Life Without Buildings’ Man-On-The Street Ethen Wood stopped in to Renzo Piano’s New California Academy of Sciences, a building described by New York Times architecture critic Nicolai Ouroussoff as “a blazingly uncynical embrace of the Enlightenment values of truth and reason. Its Classical symmetry — the axial geometry, the columns framing a central entry — taps into a lineage that runs back to Mies van der Rohe’s 1968 Neue Nationalgalerie and Schinkel’s 1828 Altes Museum in Berlin and even further, to the Parthenon.” Continue reading for more museum photos—including the new Maya Lin installation—from last weekend’s members-only preview; surely the calm before the storm that will the insanely crowded public opening on Saturday.
[image via flickr usr thehighlandway]
When I saw the photos last week of Alain Robert, “the French Spider-man,” scaling the side of Renzo Piano’s New York Times building, I was immediately struck by a single thought…well, 2 thoughts really. 1) That. Is. Amazing. 2) If superheroes were to exist, they would appear incredibly insignificant relative to the enormity of the cites they have so solemnly sworn to protect. I mean really, seriously insignificant. So often, our heroes are presented as larger-than-life characters; near-omniscient giants towering over buildings and streets. The reality however, is much more prosaic, as Monsieur Robert so kindly demonstrates. A single man is tiny. A hero, even of the “super” variety, is tiny. No matter how powerful, they will always be humbled by the buildings of a city. Take for example, the following two images:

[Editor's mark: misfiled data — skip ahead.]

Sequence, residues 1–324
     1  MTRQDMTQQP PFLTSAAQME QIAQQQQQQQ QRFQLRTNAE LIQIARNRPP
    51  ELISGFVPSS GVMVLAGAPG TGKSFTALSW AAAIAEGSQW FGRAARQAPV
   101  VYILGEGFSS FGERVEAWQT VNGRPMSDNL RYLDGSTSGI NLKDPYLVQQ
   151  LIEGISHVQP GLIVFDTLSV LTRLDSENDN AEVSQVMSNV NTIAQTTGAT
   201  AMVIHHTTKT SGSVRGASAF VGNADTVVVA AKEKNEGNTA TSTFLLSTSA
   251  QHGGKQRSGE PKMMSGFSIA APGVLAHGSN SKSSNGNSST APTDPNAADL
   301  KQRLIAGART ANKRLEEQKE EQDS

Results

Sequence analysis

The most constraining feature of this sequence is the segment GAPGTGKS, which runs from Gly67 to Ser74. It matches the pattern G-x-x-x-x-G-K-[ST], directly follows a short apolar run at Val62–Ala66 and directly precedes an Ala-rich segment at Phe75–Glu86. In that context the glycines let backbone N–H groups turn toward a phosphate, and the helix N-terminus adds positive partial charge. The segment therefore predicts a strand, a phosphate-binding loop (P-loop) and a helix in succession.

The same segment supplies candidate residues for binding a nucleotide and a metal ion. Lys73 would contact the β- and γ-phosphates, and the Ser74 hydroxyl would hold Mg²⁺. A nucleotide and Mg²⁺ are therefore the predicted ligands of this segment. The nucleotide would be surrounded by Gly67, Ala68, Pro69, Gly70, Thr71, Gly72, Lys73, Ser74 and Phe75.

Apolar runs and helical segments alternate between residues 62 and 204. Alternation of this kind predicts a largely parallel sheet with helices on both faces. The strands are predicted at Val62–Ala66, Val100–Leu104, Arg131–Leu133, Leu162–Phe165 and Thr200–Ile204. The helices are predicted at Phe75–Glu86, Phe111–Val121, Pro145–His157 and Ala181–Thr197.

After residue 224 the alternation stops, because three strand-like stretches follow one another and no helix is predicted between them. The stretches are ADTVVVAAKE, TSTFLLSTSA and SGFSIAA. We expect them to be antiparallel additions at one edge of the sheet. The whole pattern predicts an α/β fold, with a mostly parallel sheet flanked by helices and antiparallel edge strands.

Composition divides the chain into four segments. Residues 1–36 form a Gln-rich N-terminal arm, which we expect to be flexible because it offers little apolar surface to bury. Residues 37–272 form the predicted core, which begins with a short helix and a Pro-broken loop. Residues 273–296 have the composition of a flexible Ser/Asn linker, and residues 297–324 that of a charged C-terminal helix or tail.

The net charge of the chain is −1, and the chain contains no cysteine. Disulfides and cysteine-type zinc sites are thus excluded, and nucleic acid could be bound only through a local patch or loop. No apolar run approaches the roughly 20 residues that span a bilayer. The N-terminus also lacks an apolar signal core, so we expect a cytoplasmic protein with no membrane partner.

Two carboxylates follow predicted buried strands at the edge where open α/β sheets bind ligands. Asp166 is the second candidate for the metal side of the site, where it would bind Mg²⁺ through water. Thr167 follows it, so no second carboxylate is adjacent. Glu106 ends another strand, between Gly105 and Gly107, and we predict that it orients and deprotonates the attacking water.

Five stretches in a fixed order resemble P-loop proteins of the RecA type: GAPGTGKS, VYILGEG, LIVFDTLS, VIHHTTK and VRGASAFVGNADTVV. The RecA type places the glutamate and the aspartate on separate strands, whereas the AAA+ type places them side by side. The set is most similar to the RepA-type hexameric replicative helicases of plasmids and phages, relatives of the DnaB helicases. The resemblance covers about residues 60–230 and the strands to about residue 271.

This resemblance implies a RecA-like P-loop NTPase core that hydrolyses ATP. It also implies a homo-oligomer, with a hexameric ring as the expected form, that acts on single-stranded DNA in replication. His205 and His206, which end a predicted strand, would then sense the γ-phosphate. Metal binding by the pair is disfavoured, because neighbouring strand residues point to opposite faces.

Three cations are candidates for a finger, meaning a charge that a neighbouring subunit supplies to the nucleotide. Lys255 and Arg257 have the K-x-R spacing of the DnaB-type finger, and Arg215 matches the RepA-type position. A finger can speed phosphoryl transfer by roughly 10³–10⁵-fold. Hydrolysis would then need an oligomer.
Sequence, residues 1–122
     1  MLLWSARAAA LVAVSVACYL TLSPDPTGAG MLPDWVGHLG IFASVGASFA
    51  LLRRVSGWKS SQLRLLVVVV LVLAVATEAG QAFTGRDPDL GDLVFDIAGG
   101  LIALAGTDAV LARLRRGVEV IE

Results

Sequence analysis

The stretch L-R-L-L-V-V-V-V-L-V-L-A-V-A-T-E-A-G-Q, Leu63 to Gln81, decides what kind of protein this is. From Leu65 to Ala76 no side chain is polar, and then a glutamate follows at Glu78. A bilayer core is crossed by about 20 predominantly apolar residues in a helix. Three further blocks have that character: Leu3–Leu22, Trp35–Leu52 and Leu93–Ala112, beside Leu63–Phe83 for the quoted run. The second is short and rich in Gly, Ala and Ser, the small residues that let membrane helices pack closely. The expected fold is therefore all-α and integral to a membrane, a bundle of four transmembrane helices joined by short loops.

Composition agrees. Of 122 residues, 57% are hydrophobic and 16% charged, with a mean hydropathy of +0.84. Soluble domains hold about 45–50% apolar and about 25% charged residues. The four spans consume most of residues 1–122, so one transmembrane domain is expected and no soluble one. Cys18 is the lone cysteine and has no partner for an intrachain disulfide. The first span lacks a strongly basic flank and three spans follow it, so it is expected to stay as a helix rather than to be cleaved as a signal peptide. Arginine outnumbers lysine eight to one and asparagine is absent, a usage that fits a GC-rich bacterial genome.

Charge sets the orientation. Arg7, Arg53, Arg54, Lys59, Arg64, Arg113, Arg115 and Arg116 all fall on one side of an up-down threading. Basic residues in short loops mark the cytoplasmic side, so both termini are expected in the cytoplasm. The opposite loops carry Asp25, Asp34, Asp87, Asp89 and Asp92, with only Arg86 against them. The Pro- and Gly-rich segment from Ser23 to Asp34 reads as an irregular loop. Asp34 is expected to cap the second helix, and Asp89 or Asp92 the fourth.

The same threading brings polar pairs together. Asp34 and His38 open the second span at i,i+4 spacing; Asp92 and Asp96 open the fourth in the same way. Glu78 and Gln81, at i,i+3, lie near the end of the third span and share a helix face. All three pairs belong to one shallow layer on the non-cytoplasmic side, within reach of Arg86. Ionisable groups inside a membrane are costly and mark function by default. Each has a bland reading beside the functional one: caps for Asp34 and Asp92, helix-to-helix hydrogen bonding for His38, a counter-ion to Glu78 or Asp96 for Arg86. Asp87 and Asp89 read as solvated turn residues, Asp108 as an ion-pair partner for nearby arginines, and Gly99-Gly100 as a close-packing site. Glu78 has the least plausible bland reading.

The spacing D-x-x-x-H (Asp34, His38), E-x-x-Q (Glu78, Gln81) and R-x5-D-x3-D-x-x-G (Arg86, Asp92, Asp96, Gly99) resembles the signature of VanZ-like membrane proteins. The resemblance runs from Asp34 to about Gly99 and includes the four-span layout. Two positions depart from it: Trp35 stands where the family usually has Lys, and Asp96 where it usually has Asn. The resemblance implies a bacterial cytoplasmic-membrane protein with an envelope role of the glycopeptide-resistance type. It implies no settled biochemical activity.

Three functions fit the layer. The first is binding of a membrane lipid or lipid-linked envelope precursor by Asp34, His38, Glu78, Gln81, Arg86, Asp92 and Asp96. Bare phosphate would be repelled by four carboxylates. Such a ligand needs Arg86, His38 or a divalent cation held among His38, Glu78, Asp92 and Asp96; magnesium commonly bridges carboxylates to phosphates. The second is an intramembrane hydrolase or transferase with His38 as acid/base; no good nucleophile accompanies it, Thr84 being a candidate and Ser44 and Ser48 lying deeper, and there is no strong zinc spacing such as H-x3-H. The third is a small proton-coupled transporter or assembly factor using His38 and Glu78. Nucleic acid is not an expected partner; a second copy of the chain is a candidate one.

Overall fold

In the wake of the new MoMA opening, the Whitney Museum unveiled the model for their new expansion by Renzo Piano. [Drumroll please]….its a white volume connected to the existing museum by glass walkways! TADA! Although perhaps somewhat…um, understated, (to say the least) the new addition stands in quiet homage to Marcel Breuer’s building, leaving the original structure untouched,while adding special exhibition galleries, education space, an auditorium, research center, a paper study room, library, and administrative space. Contextually, the addition is scaled to the neighboring residential brownstones, and doesn’t significantly change the alter image of the Whitney. Something Rem Koolhaas’ proposal failed to do.
Koolhaas reimagined the entire museum, even re-dubbing it the “NeWhitney.” In his newest book “Content,” Koolhaas says that his Whitney “…was a native New Yorker: shaped by zoning laws, surrounded by Landmarks, killed by conservatism.” I think, however, that there is a difference between conservatism and respect. Although, in my opinion, Koolhaas’ strategy worked at IIT, I don’t think it would have been successfull in this instance. Reacting to Mies and the IIT campus, is a lot different than reacting to Breuer and a Manhattan block of Brownstones.